CCTV cameras will be installed in all taxis in Rotherham by early July, it has been announced.
Rotherham Council commissioner Mary Ney said a deadline of July 6 has been set for the town’s taxi drivers to install cameras in their cabs.
The new measure has been introduced in the wake of the town’s grooming scandal – but drivers have said they are being made ‘scapegoats’, with some now pursuing legal action.
Commissioner Ney said that after the policy was agreed last summer as part of tougher licensing measures, discussions have taken place with the Camera Surveillance Commissioner and the Information Commissioner’s Office.
She said alterations had been made to the original proposals in relation to the need for there to be audio recordings as well as the video on every ride.
Commissioner Ney said: “What remains in place is a requirement for audio to be activated whenever there is a vulnerable person or a young person in the vehicle at any time.”
She said it will be possible for both the passenger and the driver to turn on the audio whenever they wish.
“We are asking the trade to invest a fair amount of money in getting these systems in,” she said
There were angry scenes outside Rotherham Town Hall last summer when the new measures were confirmed, with more than 100 drivers holding a protest and dozens participating in ‘go-slow’ drives around town.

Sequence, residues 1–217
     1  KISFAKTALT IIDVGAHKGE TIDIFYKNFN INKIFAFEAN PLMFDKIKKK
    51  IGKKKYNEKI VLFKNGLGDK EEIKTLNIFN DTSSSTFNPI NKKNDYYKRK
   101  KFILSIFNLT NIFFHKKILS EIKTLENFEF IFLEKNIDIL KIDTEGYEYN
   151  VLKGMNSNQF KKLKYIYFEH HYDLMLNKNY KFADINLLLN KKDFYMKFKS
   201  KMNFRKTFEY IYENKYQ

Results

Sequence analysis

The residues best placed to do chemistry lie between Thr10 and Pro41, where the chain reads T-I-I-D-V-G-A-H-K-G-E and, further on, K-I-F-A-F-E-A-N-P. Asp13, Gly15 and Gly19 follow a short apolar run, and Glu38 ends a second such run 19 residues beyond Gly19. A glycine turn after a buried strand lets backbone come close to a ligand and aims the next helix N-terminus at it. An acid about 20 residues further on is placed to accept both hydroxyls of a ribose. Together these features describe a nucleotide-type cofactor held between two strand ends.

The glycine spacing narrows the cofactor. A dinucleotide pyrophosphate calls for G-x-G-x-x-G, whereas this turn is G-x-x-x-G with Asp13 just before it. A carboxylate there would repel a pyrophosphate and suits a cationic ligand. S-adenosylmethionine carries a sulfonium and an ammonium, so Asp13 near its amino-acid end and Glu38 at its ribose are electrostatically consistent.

The shake-up came after the Jay report revealed the ‘prominent role’ of Rotherham taxi drivers in the abuse of children, while the follow-up Casey inquiry said Rotherham Council needed to ‘get their house in order and regulate taxis effectively’ due to the ‘well-publicised link between taxis and child sexual exploitation in Rotherham that has cast a long shadow over the vast majority of law-abiding drivers’
A 12-month progress report by the commissioners appointed to run Rotherham Council said solicitors have been appointed by some taxi drivers’ organisations in the town.
It said: “During the summer of 2015 there was some resistance from the trade to the changes being proposed, largely concerning the impact of the cost of the new measures.
“More recently some of the trade associations have appointed a solicitor to pursue representations on their behalf.
“However, overall, the trade and individual drivers have continued to cooperate with the changes and some of the anxieties have been abated by the measured approach to adoption and implementation which has been put in place.”